Stephen King‘s short story, The road virus heads north, was first published in 1999 in 999 Anthology. In 2002, it was published in King’s short story collection: Everything is eventual.
King himself has said he is a personal fan of “moving pictures” type stories (like in the TV series Night Gallery which starred Roddy McDowell). He has also said that the story was inspired by a painting in his house that only HE loved, everyone else in the family hated it. This Dollar Baby film adaptation was directed by Dave Brock, and the screenplay by his sister, Rebecca Brock, and filmed on location, near to where they lived in West Virginia, on a $10,000 film budget. Dave used locals, and some of the local businesses to cut costs. It was released on May 10, 2004.
The film later would be nominated for the Student Academy Award, by the Academy of Motion Pictures Arts and Sciences, in 2005. It would go on to play with other Dollar Baby,and other short films across the country at film festivals.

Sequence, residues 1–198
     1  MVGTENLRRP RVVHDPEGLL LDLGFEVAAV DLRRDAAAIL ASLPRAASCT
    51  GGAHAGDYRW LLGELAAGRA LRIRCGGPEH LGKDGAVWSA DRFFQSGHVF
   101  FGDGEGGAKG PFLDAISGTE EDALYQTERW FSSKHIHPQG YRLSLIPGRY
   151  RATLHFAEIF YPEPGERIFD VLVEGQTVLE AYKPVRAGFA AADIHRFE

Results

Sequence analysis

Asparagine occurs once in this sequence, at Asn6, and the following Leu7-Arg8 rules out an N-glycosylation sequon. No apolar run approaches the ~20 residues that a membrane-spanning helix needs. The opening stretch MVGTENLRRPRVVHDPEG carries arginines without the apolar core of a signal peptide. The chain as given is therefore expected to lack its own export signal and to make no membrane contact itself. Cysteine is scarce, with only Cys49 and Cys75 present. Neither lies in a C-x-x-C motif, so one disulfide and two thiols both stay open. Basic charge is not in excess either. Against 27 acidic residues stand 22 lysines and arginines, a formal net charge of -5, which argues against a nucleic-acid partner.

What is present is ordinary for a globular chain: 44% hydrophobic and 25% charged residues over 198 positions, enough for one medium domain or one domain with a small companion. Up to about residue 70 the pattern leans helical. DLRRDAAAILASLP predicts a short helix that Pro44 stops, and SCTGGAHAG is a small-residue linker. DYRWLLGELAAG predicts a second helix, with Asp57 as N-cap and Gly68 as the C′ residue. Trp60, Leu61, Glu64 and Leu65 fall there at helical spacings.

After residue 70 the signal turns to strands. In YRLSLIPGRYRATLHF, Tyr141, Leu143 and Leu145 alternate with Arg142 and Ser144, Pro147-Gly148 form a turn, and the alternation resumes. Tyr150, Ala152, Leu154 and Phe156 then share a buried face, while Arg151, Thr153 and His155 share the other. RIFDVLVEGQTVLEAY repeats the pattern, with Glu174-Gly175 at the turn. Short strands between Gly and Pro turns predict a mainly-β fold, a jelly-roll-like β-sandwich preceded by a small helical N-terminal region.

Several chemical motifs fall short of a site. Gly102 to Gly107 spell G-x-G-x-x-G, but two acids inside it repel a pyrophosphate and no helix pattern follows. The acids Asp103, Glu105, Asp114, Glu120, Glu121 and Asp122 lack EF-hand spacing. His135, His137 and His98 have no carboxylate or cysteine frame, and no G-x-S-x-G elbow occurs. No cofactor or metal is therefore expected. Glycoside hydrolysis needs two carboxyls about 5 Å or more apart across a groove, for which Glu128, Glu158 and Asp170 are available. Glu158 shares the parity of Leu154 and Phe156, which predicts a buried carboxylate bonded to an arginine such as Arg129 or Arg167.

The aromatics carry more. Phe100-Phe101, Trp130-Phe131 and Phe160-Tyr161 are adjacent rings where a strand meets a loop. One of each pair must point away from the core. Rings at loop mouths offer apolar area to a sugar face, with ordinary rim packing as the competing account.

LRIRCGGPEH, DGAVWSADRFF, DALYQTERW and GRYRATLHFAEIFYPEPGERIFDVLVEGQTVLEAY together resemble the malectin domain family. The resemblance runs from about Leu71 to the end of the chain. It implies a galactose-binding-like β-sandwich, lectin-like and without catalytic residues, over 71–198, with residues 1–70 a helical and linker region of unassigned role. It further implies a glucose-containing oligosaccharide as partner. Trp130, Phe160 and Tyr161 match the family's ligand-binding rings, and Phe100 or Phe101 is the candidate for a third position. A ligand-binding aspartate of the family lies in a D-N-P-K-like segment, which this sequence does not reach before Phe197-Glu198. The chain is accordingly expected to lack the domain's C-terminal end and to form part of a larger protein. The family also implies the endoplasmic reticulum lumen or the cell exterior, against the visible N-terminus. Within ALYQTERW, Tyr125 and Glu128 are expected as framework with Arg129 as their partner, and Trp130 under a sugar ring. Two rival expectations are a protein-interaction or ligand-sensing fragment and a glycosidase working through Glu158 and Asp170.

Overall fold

The story of The road virus heads north, begins with a retired writer, Richard Linnell, who purchases a very creepy painting at an estate sale, he then suffers from nightmares as he continues his road trip from Boston to Derry, Maine. As his journey continues, the painting itself changes along the way, with graphic and disturbing images. Several people die along the way, for the painting is cursed and has its own violent, scary back story. Once Richard arrives to his destination, clues have been revealed, and the final outcome is not always a pretty one.
Dave Brock brings his story to life with his own take on this eerie tale, that leaves you scared, and keeps you guessing all the way to the very end. Well acted, disturbing images, and a respect to King’s original text, Dave brings new life to the tale.
I enjoyed this adaptation, and can see Dave Brock is not only a fine director, but a true visionary, and I look forward to his next Stephen King adaptation, Woman in the room.